Confiscation and mass disarmament are pipe dreams. There are better ways to improve school safety.
Making schools safer and keeping guns away from people who shouldn’t have them are not mutually exclusive goals, even if our national discussions following tragedies like the one at Marjory Stoneman Douglas High School in Parkland, Fla., have tended to focus on gun control.
Civilians in America possess somewhere north of 300 million firearms, almost twice as many per capita as 50 years ago, and gun sales have continued to increase in recent years. Some amount of gun mayhem is probably inevitable in our society, and schools aren’t immune. The Second Amendment aside, forced confiscation or mass voluntary disarmament by law-abiding gun owners is a progressive pipe dream.
That doesn’t mean we should throw up our hands. Rather, it strengthens the case for taking practical steps in the short run to ensure that our sons and daughters return home from school each afternoon. While TV talking heads carry on about bump stocks, background checks and the villainous National Rifle Association, communities across the country are tackling the more immediate concern of school safety.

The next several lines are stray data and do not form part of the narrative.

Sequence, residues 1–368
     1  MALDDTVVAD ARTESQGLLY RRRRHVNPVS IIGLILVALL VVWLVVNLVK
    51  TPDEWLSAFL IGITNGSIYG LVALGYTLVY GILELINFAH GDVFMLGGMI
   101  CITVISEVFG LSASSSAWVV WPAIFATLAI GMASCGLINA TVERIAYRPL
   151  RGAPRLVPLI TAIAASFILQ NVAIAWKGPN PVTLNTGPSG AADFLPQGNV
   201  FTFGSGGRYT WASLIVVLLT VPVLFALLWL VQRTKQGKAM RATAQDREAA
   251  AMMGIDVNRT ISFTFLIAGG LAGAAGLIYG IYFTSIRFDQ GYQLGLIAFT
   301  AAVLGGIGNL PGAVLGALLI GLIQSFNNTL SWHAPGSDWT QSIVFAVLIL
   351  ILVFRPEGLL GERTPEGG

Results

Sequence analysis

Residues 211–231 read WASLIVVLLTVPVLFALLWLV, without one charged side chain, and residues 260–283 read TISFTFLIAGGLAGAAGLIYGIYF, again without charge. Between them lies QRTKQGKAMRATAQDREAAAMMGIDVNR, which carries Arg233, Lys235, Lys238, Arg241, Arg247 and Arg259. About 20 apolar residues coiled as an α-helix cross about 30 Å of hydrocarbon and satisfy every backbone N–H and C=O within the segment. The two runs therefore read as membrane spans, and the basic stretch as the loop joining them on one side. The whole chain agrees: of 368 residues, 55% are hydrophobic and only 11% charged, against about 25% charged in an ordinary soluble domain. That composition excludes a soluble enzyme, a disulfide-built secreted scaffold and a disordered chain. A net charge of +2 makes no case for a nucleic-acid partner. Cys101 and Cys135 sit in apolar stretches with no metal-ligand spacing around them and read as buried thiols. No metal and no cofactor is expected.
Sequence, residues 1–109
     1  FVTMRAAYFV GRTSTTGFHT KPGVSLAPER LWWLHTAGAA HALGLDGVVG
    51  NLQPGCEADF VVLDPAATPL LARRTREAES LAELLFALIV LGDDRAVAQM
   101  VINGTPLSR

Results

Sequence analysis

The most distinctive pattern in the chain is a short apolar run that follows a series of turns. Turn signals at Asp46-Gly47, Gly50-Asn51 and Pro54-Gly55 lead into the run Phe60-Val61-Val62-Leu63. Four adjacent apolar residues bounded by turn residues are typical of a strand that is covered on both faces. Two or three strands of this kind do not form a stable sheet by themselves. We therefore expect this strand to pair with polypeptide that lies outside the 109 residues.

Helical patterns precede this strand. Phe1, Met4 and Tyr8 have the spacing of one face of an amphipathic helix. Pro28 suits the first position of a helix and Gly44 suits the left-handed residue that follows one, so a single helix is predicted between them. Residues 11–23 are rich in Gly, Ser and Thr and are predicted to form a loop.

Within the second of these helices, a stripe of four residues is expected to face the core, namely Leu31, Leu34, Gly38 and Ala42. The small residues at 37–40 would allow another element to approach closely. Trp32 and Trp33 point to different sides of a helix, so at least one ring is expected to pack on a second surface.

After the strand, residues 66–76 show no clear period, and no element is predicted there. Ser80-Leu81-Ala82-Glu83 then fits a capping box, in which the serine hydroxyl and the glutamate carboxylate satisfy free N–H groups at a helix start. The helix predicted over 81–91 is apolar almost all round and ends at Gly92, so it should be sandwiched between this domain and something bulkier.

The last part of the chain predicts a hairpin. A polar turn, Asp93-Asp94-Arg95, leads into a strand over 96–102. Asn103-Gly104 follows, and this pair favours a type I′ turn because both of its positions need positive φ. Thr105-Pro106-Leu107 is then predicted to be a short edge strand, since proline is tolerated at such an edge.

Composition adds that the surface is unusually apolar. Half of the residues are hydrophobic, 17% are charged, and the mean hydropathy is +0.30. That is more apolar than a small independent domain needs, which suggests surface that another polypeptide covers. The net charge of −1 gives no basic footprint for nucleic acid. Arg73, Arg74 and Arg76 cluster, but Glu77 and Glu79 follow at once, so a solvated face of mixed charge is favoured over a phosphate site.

After the 2012 school shooting at Sandy Hook Elementary School in Connecticut, the building was razed; a new structure was built on the same site and opened in 2016. It features bullet-resistant windows, reinforced classroom walls, and doors that can be locked from both sides. More schools have installed panic buttons and security systems that include cameras and require visitors to be buzzed in by staff. Regular lockdown drills have also become common and probably saved lives last year after a gunman in Northern California killed five people and then headed for a nearby elementary school. He was thwarted by a lockdown procedure initiated by school officials who had heard the earlier gunshots.
Jason L. Riley is a senior fellow at the Manhattan Institute, a columnist at The Wall Street Journal, and a Fox News commentator.